Oftentimes age, genetics and environmental factors combine to cause a painful process within the discs that goes beyond normal aging. The discs may develop tears or fissures in the outer ligamentous part of the disc (annular fibers). As a result, the nucleus pulposus (the semi-gelatinous inner layer of the disc) can be forced into the tears/cracks, opening them wider. Nerve endings in the region may be sensitive to the nuclear material entering these tears, and pain may develop. This process is often responsible for the intermittent low back pain that many experience as “throwing their back out.” Typically this is caused by a bending forward and possibly a twisting motion, which place the lamellae fibers in the annulus at a mechanical disadvantage, allowing the opening up of a tear.

Herniated Disc

What is a herniated disc?

The fissures in the outer fibers (annulus pulposus) may become extensive, and the nucleus pulposus (the center of the disc) may start to squeeze through to the edge of the disc or beyond. This will cause the disc to bulge initially, and when the deterioration occurs through most or all of the layers, a true herniation will result. The herniation will be defined as a bulge protrusion or extrusion, depending upon the shape of the herniation. This protrusion may compress the spinal nerves or spinal cord, which can result in pain. Herniated discs are also referred to as “slipped” disc. A herniated disc can occur in any part of your spine, but it tends to occur more frequently in the lumbar spine (low back) than the cervical spine (neck) and less frequently in thethoracic spine (mid back).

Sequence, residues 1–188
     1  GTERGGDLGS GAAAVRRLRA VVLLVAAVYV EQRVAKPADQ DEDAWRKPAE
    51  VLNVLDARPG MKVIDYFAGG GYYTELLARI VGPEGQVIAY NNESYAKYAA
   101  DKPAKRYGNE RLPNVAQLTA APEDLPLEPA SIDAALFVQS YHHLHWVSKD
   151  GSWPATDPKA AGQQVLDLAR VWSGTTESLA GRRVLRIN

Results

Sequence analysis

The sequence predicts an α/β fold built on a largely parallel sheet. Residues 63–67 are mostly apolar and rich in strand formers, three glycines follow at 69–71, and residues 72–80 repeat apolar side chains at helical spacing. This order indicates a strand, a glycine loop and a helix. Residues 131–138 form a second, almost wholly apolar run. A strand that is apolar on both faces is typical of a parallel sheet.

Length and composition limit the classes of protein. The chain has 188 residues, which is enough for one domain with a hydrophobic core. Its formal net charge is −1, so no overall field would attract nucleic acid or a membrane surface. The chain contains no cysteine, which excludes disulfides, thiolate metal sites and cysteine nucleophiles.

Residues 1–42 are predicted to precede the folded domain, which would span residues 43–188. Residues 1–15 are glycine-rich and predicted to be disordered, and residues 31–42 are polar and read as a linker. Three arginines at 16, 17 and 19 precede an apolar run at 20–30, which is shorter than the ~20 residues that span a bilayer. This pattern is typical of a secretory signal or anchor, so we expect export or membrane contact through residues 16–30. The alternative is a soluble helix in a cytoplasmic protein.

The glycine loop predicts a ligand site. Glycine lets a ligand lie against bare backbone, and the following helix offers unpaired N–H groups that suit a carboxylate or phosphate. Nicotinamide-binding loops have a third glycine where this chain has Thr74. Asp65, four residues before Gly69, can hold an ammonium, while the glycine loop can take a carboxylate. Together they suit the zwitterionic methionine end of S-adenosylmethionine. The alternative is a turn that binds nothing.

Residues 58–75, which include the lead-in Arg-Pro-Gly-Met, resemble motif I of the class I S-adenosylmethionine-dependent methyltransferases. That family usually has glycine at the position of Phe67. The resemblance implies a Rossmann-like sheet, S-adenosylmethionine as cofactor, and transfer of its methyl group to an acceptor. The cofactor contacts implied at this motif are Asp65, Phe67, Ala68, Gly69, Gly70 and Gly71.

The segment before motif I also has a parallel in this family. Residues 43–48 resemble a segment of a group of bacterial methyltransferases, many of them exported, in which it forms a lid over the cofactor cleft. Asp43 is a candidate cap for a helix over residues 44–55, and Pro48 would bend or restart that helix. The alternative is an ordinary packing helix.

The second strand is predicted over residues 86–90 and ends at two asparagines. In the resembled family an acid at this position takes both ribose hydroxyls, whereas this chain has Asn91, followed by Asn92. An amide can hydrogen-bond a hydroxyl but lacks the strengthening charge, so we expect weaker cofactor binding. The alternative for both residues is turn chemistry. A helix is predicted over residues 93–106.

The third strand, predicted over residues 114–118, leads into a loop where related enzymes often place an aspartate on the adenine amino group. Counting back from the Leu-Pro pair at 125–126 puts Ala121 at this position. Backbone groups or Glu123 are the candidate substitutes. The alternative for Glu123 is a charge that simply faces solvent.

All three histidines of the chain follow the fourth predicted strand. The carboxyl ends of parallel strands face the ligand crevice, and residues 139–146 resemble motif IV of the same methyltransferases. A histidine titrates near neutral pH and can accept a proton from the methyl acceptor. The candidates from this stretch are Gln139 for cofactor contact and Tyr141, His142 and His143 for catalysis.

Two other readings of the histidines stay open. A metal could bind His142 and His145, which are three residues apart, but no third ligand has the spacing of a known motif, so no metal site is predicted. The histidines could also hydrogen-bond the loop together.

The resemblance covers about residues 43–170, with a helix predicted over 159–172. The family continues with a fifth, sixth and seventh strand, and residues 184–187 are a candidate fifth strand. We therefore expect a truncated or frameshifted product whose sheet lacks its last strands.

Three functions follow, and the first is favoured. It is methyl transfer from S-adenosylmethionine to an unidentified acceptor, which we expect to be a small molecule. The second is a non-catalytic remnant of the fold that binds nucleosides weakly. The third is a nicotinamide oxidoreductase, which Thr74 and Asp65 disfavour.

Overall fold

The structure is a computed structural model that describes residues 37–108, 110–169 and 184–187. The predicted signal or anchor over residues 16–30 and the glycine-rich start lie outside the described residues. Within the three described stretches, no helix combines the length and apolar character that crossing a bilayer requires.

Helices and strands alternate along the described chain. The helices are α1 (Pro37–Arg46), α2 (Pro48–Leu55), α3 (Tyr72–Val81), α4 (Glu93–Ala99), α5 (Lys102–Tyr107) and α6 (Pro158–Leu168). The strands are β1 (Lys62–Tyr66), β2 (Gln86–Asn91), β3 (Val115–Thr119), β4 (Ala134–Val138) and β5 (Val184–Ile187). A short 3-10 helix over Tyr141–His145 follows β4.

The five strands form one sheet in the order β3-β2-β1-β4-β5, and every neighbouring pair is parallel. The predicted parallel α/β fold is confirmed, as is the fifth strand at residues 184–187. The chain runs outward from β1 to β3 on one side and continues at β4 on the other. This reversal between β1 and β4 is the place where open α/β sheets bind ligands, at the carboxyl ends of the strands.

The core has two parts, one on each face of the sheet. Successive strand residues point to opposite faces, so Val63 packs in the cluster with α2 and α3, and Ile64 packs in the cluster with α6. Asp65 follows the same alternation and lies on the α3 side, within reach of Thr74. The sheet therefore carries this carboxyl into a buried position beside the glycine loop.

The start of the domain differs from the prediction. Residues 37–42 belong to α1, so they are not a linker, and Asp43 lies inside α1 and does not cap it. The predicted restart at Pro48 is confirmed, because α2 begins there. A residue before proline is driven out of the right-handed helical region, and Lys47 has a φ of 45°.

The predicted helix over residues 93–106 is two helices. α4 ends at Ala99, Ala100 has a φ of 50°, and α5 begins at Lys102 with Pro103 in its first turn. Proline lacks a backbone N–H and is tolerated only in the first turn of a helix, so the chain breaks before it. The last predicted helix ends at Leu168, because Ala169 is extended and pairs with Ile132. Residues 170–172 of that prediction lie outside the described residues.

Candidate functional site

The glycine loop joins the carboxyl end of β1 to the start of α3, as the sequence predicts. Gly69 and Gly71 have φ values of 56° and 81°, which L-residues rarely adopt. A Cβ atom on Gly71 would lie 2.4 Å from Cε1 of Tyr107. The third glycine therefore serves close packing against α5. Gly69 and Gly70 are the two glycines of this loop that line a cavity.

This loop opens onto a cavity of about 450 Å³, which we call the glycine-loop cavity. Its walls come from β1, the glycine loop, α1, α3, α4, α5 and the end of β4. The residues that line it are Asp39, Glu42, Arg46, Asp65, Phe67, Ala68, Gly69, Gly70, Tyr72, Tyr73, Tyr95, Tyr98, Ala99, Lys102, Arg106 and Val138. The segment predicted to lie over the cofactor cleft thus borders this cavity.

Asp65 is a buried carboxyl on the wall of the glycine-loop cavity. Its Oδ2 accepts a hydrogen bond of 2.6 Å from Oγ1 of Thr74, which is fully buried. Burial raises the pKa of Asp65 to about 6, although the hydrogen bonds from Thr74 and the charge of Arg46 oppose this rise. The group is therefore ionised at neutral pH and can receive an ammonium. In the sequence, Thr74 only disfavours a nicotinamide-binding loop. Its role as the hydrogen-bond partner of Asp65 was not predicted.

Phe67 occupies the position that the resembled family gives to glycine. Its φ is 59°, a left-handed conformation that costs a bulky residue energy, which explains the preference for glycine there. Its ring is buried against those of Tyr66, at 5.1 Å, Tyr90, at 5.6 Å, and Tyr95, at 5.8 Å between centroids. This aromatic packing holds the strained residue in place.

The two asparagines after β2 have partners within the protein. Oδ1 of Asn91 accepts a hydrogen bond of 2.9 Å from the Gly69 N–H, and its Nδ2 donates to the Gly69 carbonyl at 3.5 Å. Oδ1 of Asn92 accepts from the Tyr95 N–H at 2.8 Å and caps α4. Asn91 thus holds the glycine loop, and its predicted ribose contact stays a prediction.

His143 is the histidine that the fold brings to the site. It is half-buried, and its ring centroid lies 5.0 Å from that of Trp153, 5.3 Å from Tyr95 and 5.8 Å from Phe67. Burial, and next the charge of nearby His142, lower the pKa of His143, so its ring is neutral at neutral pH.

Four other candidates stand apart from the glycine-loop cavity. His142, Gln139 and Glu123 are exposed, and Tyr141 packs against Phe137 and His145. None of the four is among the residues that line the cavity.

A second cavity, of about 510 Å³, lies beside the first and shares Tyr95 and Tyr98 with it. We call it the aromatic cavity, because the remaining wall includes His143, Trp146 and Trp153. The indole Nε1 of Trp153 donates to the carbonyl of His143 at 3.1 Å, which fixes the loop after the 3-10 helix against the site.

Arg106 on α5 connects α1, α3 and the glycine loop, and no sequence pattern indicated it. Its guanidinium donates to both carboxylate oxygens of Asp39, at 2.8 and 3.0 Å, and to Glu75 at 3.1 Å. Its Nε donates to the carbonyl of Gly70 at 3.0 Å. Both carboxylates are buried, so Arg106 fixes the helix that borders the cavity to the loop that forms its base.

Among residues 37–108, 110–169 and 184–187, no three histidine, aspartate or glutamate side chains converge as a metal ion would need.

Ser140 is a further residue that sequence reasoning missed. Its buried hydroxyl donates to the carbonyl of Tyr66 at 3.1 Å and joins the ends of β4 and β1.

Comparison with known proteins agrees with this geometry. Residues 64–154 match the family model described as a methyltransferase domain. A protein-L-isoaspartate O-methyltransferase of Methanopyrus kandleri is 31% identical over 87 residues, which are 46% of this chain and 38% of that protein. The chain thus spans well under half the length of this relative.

What are the symptoms?

Internal disc disruption is best understood in the lumbar spine, because it is more common in occurrence and the anatomy is easier to understand. It can cause episodes of severe low back pain with muscle spasms. In rare instances the symptoms may become constant.

When a lumbar herniated disc presses against a nerve root, pain, numbness, and/or weakness can occur in the leg. If nerve compression occurs from a cervical disc herniation, the symptoms may occur in the arm.

How is a herniated disc diagnosed?

Pain from a disc problem can mimic other medical problems, particularly muscular problems. A diagnosis is made as a result of a thorough history and physical evaluation as well as other diagnostic testing, which may include:

How is it treated?

Symptoms from a herniated disc usually improve in a few weeks or months. To help you recover:

  • Stay active (walk or do other light activity).
  • Rest if you have severe pain.
  • For an acute injury, apply ice for 10-15 minutes, three times per day, for two to three days. After three days you can start to use heat help further reduce the pain.
  • Take medication to relieve pain. Medication will not cure a disc herniation.
  • Undergo physical therapy, for instruction in doing exercises properly.
  • Spinal injections may be recommended in certain cases.
  • Surgery may be recommended for cases that do not respond to conservative treatment.